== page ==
In Richard Allen's biography, he explains all of his travels of preaching within the eastern part of the United States. Catwright's story was a little different because he was not a preacher, but he went to tent revivals with people that would cry and shout in the name of the Lord. I learned from Allen's story that slaves were mostly Methodist because slaves couldn't read or write. The slaves couldn't be Episcopal because they didn't understand Latin. Catwright didn't travel much with religion because he settled in Kentucky where there were no churches and had tent revivals instead. Allen did not preach in churches at first, but he eventually preached in Philadelphia with other slaves and whites. At first he preached in the homes of white families in different areas of the country. He traveled by foot, and at one point he ran into good people and they helped him with his sore feet. It was very hard during that time to find someone like that because slaves were treated very badly during that time!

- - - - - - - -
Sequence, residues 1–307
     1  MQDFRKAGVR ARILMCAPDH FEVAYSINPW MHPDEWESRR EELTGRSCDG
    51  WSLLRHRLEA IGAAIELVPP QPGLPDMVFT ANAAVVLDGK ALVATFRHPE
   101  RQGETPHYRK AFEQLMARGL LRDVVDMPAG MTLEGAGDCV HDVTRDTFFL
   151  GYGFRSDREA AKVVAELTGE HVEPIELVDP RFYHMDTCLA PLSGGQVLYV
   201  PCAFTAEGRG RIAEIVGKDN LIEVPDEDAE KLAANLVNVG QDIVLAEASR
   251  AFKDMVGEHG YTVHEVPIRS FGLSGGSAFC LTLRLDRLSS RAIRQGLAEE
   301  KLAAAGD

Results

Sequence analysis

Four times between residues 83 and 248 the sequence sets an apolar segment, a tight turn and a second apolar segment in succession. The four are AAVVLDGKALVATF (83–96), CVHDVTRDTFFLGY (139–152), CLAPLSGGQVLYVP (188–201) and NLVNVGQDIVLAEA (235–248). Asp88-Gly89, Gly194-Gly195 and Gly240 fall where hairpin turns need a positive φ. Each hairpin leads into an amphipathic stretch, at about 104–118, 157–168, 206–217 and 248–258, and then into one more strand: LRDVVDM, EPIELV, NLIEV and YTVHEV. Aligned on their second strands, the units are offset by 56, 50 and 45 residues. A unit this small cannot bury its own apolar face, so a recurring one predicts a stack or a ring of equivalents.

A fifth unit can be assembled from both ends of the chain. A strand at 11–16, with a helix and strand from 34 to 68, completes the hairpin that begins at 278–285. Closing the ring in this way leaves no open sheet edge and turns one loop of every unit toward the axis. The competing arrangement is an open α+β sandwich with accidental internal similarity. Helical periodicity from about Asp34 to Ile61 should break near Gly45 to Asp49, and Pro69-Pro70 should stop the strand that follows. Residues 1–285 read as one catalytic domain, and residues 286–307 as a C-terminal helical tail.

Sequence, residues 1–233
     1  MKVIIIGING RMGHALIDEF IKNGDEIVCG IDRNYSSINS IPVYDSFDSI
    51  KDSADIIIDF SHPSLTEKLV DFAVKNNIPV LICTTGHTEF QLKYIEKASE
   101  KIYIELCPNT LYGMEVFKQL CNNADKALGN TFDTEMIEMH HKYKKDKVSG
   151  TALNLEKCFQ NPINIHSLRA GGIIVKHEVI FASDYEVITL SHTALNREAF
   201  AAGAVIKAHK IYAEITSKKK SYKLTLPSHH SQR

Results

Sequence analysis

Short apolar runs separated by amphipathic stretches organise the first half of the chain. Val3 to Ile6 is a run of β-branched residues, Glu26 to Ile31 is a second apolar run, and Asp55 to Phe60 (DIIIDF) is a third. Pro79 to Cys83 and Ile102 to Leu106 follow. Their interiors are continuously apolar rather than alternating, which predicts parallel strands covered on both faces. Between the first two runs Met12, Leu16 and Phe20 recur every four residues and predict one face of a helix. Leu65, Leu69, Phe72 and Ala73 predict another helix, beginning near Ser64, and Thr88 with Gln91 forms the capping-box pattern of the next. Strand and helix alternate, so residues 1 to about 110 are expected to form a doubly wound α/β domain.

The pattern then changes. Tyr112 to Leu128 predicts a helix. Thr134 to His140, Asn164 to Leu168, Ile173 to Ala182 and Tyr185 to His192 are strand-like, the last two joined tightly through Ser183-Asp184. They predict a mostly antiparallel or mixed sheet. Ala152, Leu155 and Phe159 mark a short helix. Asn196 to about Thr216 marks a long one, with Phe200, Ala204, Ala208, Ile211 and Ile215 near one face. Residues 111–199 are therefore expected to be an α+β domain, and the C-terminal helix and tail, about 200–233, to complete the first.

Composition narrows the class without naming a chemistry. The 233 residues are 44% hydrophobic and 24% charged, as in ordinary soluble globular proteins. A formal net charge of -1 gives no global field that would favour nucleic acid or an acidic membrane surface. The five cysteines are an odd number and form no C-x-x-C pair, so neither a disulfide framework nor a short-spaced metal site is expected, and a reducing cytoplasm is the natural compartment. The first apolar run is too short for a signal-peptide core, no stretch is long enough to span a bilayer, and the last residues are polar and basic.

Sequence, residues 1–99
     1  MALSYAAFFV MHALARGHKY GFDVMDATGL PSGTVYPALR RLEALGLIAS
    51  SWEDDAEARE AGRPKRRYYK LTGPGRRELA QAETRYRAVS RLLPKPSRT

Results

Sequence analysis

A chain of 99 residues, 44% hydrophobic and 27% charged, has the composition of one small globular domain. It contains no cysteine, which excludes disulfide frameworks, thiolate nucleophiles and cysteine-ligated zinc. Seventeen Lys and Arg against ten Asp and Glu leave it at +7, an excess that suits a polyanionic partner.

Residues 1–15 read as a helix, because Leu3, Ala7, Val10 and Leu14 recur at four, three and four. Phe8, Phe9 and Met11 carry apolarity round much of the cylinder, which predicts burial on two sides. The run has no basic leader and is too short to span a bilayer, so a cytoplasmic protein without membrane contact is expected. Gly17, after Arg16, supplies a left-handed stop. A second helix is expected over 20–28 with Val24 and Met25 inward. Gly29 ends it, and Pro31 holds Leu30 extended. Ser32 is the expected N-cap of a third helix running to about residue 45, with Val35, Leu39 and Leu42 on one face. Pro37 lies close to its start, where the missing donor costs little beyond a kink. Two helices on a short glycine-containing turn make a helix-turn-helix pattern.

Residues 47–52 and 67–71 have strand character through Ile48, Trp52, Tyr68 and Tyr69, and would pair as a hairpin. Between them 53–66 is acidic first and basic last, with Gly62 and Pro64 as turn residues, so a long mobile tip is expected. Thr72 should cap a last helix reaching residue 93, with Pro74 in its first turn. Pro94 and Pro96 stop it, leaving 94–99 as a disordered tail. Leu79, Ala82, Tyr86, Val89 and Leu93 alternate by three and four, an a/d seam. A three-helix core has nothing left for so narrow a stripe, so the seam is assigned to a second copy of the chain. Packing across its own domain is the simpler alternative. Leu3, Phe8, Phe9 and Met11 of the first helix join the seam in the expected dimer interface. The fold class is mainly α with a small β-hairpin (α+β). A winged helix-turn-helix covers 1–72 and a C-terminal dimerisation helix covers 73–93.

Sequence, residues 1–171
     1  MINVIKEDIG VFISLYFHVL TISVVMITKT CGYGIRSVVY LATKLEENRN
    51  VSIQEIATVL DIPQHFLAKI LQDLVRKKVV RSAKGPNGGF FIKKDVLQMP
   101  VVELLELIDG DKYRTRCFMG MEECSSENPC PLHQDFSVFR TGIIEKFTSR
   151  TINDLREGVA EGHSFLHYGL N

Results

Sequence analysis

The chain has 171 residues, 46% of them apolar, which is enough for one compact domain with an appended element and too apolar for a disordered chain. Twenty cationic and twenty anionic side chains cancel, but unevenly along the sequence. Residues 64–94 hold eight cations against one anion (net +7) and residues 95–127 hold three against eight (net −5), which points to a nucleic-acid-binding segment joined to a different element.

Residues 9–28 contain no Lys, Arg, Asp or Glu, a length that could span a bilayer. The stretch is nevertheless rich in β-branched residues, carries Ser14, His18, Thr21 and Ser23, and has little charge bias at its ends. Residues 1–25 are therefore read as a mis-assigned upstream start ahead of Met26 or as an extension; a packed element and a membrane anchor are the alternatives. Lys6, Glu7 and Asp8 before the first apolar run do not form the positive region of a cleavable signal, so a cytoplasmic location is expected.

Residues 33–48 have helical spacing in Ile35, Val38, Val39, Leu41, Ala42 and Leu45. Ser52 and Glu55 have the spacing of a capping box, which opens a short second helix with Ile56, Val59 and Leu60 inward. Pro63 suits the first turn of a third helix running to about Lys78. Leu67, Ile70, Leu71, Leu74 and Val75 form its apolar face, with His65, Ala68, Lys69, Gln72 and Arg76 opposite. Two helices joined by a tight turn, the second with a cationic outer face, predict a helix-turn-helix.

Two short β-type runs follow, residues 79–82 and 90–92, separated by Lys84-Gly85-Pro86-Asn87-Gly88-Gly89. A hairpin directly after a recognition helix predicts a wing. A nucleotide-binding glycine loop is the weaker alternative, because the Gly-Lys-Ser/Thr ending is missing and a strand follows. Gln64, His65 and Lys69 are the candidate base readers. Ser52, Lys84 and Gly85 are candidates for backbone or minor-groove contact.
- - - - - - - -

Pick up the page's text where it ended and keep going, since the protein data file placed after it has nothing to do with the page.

Both stories were very interesting, because religion was very different during that time. In both stories, they both mentioned the word Methodist Episcopal. I am still confused as to what it means. I liked Allen's story better because it did not mention people jumping, crying, and tonguing the name of the Lord, though Catwright thought it was not necessary. Allen's story to me seemed more dignified. I think I've always thought of it that way because I was baptized Episcopalian, and I have never done that during a church service. A friend of mine that is Baptist has told me that people do that because they feel the presence of God. In my opinion, I would agree with Catwright and say it's not necessary because if I felt the presence of God, I would be happy but I wouldn't make myself look crazy.